Physical guard services — like police departments — historically have had a problem validating an employee’s claim of where he was at any given time. Watchclocks — as you noted, Adam — were a popular solution to this problem. A guard carried a spring-clock device which had to be routinely “wound” with one of numerous keys chained to specific locations on the premises. This system provided a timestamp for the guard’s presence at each location on his route.
    The subtext for your comments about time-synched SecurID, in its several successive generations, is that there is no such thing as perfect security. Challenges arise which must be met. So it was with Watchclocks. By the 1980s there was a thriving underground in which organized crime, among others, sold huge collections of Watchclock keys. It was a big enough problem that it emerged as an opportunity for Weiss et al.
    As an alternative to the Watchclock, Weiss developed a guard tour system which used Lucite boxes, securely attached at various stations on the guard’s prescribed route, which displayed a hard-to-predict PRN. The wandering guard was required to type in the PRN, on his Motorola radio keypad, as he passed each location — which allowed a central CPU to track who was where, when. Contax’s first big sale, in ’83, was to the Federal Services Administration, which bought the system for some of the 9,000 federal buildings it administered and protected.
    Subsequently — and in the lore of RSA, famously — there followed a Friday evening phone call to Weiss from the Director of the Federal Protective Service in which he reported DoD interest in the new technology. Would it be possible, he asked, to have individuals carry tiny PRN calculators which could be used to unlock high-security doors in the Pentagon? Weiss said it probably would be possible, but added that he thought there might be other ways to better provide that service. He asked for time to think about the possibilities.
    That Friday night, Weiss had his Eureka moment. It all came together! He could, he said, completely picture a time-synched PRN generator (with a secret seed) which — with the addition of a password — could provide two-factor authentication to identify an authorized individual to a remote computer equipped a similar device: what came to be called an authentication server.
    The next morning, Weiss tracked down a young Boston patent attorney, Larry Oliverio, who was working in his office on a Saturday morning. Weiss hired him to begin work immediately on what he declared to be an invention with remarkable potential. The next week, Security Dynamics Inc. (SDI) was incorporated, with IT access control as its target market.
    Weiss phased out the Contax business. In late ’84 and ’85, Weiss had Brainard, a one-time student of Ron Rivest, develop and test a proprietary hash — built around Weiss’ original PRN design — to mingle Current Time and a 64-bit random seed for a 4-8 digit PRN output. This, with virtually no changes, became the classic Brainard hash used in millions of SecurID tokens until it (as the Grand Old Lady of commercial crypto) was finally preempted by AES, some 15 years later.
    By ’85, SDI was confident of Brainard’s hash and had a working prototype of the SecurID the size of a small cigar box. When they shrunk the design down to the size of a thick credit card, Weiss subcontracted manufacturing to a Hong Kong firm. The first pilot ACE/SecurID systems were sold in 1986, although the first significant installations were not until 1987. (One of the earliest shipments, Adam, was to a huge Boston-based financial institution which for several years offered you gainful employment.)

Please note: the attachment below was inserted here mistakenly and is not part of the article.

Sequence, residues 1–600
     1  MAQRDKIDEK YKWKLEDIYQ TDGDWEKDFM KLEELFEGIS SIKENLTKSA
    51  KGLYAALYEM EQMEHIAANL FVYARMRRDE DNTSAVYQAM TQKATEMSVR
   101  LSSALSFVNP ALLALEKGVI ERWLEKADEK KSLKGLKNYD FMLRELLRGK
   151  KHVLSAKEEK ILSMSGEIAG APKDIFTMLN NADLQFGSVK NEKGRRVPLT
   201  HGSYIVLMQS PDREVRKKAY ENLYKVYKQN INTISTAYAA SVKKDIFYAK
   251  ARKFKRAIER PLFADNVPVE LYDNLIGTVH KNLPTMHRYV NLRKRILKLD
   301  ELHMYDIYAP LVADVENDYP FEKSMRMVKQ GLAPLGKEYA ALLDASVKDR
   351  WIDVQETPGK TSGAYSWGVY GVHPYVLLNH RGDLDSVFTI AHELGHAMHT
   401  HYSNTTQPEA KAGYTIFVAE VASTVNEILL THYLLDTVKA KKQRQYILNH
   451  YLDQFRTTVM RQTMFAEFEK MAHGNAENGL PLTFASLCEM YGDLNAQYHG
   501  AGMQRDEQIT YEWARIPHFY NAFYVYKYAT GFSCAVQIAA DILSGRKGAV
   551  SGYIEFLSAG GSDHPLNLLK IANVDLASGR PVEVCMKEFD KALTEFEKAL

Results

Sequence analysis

There were two Challenge/Response token systems already in the market, but they had only limited success. They did, however, have an advantage in that they relied upon DES, the US crypto standard. In the middle and late ’80s, the credibility of any commercial cryptosystem was established not by “open review,” but rather — particularly for US financial systems, government, and DoD contractors, essential markets — by a system of NSA evaluations and formal certification systems.
    It wasn’t until March 31, 1987, that the SecurID hand-held authenticator was certified and placed on the NSA/NIST “Evaluated Products” list: approved for US government use, and recommended as cryptographically sound to industry. With that bit of technopolitics by the way, the domestic market for IT access control systems evolved with relatively little government interference. (US export controls here, as elsewhere in IT, was a story in itself.)
    In that relatively open market, as you pointed out, Security Dynamics quickly claimed a lion’s share of the enterprise IT market — which it still holds — with an ease-of-use advantage over its C/R compeditors; smart holistic marketing, and a responsible policy of quickly responding to both real and potential threats.
    Thanks for the opportunity to wander down memory lane. As Adam knows, but others will not, I have been a consultant to, successively, SDI, RSA, and now EMC, for many years.

  2. Thanks for the added history, Vin! I suspect I remembered John as the inventor because I’ve interacted with him a lot more. Thanks so much for the additions and corrections.
    Next time I’m in Boston, the 4 of us should get together and wander a bit. 🙂
    (You’ll need to whitelist me–I’d mailed a draft of this to you & John a ways back, and assume it hit your spamfilter. I’d say that in private but… )